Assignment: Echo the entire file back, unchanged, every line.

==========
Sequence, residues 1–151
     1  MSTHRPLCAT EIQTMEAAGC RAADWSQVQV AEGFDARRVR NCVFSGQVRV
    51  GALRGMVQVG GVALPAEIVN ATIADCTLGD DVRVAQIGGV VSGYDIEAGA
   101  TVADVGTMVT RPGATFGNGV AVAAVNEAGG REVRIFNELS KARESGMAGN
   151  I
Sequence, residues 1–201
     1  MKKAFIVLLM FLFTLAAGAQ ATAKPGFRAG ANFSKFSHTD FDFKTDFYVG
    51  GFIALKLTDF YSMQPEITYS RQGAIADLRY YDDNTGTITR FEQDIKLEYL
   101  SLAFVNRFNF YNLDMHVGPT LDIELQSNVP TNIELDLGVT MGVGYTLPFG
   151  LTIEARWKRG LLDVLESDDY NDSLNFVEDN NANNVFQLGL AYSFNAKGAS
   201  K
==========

Sequence, residues 1–151
     1  MSTHRPLCAT EIQTMEAAGC RAADWSQVQV AEGFDARRVR NCVFSGQVRV
    51  GALRGMVQVG GVALPAEIVN ATIADCTLGD DVRVAQIGGV VSGYDIEAGA
   101  TVADVGTMVT RPGATFGNGV AVAAVNEAGG REVRIFNELS KARESGMAGN
   151  I
Sequence, residues 1–201
     1  MKKAFIVLLM FLFTLAAGAQ ATAKPGFRAG ANFSKFSHTD FDFKTDFYVG
    51  GFIALKLTDF YSMQPEITYS RQGAIADLRY YDDNTGTITR FEQDIKLEYL
   101  SLAFVNRFNF YNLDMHVGPT LDIELQSNVP TNIELDLGVT MGVGYTLPFG
   151  LTIEARWKRG LLDVLESDDY NDSLNFVEDN NANNVFQLGL AYSFNAKGAS
   201  K